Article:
INS/INT Keynote Seminar – Stefano Panzeri (Rovereto, Italy)

Posted by on Nov 06, 2017 in | Comments Off

“The relationship between cross-cell coupling and the timescales of population coding across cortex”

The cortex needs to represents information across a wide range of timescales, from the millisecond-scale required to encode rapidly fluctuating sensory stimuli, to the maintenance of information over seconds that is required to implement certain behavioral choices. Do such diverse timescales result mostly from features intrinsic to individual neurons or from correlated activity in neuronal populations ? Here we report that population codes can be essential to achieve long coding timescales, and that the properties and time scales of population codes differ between sensory and association cortices. We compared coding for sensory stimuli and behavioral choices in auditory cortex (AC) and posterior parietal cortex (PPC) as mice performed a sound-localization task. Auditory stimulus information was strong in AC but weak in PPC, and both regions contained choice information. Although AC and PPC coded information by tiling in time neurons that were transiently informative, the areas had major differences in functional coupling between neurons, measured as activity correlations that could not be explained by task events. Coupling among PPC neurons was strong and extended over long time lags, whereas coupling among AC neurons was weak and short-lived. Stronger coupling in PPC led to a population code with long timescales and a representation of choice that remained consistent for approximately one second. In contrast, AC had a code with rapid fluctuations in stimulus and choice information over hundreds of milliseconds. Our results reveal that population codes differ across cortex and that cross-cell coupling affects the timescale of information coding.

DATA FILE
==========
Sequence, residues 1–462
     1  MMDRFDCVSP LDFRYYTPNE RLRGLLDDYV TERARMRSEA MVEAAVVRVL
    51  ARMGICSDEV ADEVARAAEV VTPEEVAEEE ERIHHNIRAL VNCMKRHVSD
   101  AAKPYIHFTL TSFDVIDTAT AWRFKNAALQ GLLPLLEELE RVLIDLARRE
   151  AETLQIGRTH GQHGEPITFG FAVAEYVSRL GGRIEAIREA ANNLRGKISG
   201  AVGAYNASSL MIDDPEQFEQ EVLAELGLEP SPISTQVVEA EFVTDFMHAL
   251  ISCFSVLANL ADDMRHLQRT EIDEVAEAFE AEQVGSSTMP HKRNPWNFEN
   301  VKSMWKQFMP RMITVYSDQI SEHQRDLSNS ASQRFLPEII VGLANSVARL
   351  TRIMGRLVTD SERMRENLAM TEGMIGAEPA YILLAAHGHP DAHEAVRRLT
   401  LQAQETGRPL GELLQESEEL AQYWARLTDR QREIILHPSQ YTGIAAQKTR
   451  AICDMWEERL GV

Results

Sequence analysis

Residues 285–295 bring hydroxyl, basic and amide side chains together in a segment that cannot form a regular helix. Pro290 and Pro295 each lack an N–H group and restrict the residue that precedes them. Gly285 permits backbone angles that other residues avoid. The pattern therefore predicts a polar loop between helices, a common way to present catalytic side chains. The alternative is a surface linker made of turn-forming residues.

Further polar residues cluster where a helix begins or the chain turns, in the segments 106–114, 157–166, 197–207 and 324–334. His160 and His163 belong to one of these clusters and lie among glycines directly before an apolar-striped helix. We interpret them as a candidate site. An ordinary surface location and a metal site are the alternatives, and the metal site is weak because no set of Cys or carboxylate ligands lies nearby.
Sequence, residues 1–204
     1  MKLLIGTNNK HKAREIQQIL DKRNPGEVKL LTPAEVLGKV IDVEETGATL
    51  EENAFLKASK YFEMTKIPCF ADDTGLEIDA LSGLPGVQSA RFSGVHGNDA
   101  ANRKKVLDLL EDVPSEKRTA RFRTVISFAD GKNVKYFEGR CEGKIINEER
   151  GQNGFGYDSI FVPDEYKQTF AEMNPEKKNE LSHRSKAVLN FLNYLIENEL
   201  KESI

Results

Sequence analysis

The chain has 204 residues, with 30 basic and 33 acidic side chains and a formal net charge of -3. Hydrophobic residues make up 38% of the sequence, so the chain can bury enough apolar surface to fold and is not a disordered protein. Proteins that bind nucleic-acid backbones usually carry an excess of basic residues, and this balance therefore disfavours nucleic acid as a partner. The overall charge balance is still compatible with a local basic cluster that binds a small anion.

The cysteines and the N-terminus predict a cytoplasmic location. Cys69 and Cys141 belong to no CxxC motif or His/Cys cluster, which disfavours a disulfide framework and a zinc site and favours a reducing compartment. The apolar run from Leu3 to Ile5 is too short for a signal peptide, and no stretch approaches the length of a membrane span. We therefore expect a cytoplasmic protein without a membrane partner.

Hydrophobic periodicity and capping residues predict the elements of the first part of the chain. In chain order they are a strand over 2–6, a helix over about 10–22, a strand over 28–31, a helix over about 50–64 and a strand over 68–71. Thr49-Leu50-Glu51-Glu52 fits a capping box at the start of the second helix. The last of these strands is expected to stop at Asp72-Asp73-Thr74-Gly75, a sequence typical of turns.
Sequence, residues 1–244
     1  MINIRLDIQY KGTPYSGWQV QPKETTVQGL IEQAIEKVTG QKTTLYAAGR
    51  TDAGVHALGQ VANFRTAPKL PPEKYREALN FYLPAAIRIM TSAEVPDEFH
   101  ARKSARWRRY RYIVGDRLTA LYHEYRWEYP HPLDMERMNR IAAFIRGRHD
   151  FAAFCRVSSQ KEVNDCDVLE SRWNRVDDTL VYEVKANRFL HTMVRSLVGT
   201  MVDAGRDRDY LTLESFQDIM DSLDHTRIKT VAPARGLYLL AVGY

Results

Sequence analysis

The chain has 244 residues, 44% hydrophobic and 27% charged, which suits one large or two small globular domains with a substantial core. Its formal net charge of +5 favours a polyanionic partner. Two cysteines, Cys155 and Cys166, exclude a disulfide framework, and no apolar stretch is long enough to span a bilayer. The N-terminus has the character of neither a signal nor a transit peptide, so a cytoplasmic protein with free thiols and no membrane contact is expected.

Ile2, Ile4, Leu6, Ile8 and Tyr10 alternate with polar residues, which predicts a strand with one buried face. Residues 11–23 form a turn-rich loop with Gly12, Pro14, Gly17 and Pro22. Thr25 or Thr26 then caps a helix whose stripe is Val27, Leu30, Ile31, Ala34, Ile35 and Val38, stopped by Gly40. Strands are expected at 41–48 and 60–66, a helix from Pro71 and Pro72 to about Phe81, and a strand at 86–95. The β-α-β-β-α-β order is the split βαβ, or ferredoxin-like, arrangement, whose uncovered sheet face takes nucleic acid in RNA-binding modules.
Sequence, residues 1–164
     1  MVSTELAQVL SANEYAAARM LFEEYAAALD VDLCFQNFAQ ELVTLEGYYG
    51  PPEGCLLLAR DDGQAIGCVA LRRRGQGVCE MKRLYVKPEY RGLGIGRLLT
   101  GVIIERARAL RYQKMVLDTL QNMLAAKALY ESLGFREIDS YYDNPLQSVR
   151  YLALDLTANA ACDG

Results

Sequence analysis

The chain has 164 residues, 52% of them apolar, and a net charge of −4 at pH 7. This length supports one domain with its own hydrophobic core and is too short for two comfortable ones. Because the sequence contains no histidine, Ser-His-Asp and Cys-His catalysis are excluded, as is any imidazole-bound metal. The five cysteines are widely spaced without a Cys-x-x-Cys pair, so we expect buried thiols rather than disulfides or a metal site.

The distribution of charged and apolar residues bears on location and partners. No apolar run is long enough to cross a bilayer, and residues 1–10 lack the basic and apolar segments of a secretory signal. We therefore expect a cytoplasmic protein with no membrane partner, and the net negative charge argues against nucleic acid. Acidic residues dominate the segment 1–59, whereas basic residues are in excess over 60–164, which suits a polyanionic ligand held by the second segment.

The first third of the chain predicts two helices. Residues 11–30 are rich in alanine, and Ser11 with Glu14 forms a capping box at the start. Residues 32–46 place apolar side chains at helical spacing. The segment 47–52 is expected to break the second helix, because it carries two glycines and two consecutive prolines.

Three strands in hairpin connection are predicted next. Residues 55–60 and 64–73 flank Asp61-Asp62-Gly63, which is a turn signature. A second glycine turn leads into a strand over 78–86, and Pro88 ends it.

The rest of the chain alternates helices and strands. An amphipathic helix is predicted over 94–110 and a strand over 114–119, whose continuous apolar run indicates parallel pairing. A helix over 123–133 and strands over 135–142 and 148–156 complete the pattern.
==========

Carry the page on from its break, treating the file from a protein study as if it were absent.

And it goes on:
This is joint work with Carolyne Runyan at Chris Harvey at Harvard Medical School and with Eugenio Piasini at IIT.

For any question, feel free to contact:
Benjamin Morillon (bnmorillon@gmail.com) or Adam Williamson (adam.WILLIAMSON@univ-amu.fr)

 

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